Europe’s aviation regulator and a pilots’ group says the decision by U.S. and British authorities to ban certain electronics from passenger cabins creates another risk: Fires in the cargo hold. Mia Womersley reports.
LONDON, ENGLAND, UNITED KINGDOM / ISTANBUL, TURKEY / NEW YORK, NEW YORK, UNITED STATES (Reuters) – The idea was to make air travel safer.
Laptops banned from the cabin on some flights to the U.S.
But now it’s thought having them in the baggage hold could be just as dangerous.
That’s because of the risk of battery fires.
Two weeks ago U.S. and British authorities banned gadgets larger than smartphones from cabins on flights from certain countries.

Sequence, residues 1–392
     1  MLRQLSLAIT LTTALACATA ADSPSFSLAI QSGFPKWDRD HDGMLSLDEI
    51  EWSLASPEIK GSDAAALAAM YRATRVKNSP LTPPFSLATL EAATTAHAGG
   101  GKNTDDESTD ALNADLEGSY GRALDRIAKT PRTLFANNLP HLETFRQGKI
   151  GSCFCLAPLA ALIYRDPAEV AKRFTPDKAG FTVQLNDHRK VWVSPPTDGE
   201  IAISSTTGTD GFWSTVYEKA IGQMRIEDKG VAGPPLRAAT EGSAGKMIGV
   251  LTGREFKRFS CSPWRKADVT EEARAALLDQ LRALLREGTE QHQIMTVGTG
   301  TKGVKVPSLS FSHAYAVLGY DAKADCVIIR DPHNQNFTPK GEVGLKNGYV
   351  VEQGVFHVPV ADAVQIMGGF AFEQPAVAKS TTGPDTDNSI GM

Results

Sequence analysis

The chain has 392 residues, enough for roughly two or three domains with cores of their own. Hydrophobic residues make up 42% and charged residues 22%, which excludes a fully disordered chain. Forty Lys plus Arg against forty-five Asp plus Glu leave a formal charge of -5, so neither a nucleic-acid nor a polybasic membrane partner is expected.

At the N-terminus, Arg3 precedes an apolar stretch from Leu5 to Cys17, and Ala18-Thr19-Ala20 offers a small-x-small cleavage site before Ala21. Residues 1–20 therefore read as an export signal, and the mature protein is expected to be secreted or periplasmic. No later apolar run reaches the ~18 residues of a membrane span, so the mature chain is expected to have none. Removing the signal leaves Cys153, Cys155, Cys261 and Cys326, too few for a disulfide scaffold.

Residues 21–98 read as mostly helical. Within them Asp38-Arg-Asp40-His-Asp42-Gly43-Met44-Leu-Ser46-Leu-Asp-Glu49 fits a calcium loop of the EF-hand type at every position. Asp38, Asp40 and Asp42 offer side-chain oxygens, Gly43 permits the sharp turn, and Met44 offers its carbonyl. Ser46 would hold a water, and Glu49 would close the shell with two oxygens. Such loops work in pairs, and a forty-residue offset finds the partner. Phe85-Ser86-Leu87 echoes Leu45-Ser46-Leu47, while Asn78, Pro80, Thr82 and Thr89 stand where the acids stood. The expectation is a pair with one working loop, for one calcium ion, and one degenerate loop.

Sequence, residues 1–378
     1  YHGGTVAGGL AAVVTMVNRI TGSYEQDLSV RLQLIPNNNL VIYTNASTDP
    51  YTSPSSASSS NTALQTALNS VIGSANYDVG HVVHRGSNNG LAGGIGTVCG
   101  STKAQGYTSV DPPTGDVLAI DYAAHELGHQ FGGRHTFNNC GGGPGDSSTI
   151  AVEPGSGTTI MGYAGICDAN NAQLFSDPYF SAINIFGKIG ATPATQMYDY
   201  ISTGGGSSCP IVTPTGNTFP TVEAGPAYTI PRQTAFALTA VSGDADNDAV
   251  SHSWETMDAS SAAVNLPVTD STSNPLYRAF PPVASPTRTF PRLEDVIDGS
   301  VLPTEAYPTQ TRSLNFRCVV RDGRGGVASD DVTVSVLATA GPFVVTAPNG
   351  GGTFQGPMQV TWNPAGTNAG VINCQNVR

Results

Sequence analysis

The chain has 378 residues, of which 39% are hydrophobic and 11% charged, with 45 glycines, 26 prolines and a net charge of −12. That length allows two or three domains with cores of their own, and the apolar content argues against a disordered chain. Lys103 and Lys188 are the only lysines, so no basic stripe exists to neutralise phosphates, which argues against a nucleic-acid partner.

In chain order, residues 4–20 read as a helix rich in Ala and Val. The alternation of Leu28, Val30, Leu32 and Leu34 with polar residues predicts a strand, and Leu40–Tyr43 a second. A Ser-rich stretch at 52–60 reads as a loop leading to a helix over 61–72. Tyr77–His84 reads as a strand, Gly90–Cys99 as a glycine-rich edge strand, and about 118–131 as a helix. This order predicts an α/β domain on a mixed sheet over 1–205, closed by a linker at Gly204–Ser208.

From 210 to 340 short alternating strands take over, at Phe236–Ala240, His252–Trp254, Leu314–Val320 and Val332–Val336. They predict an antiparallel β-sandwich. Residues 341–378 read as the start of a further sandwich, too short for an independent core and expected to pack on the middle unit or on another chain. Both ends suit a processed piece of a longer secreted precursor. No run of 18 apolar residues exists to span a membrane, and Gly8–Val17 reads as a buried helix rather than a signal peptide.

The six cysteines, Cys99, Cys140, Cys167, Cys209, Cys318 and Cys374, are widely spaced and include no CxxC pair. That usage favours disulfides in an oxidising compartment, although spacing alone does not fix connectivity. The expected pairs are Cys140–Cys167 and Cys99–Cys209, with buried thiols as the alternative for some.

That over fears they could be used to conceal bombs.
But now the European Aviation Safety Agency says lithium batteries inside electronic devices actually should be carried in the cabin.
It’s echoing concerns from air crew.
Last week a group representing 38,000 European pilots said it was “seriously concerned” about the ban, explaining that a fire in the hold might be impossile to extinguish, especially if lithium batteries are stored together.
Now the EASA recommendation is not mandatory.
But it will rekindle a debate about the new rules, which some airline chiefs have criticised as inconsistent or ineffective and demonstrate that solving one problem, can just lead to another.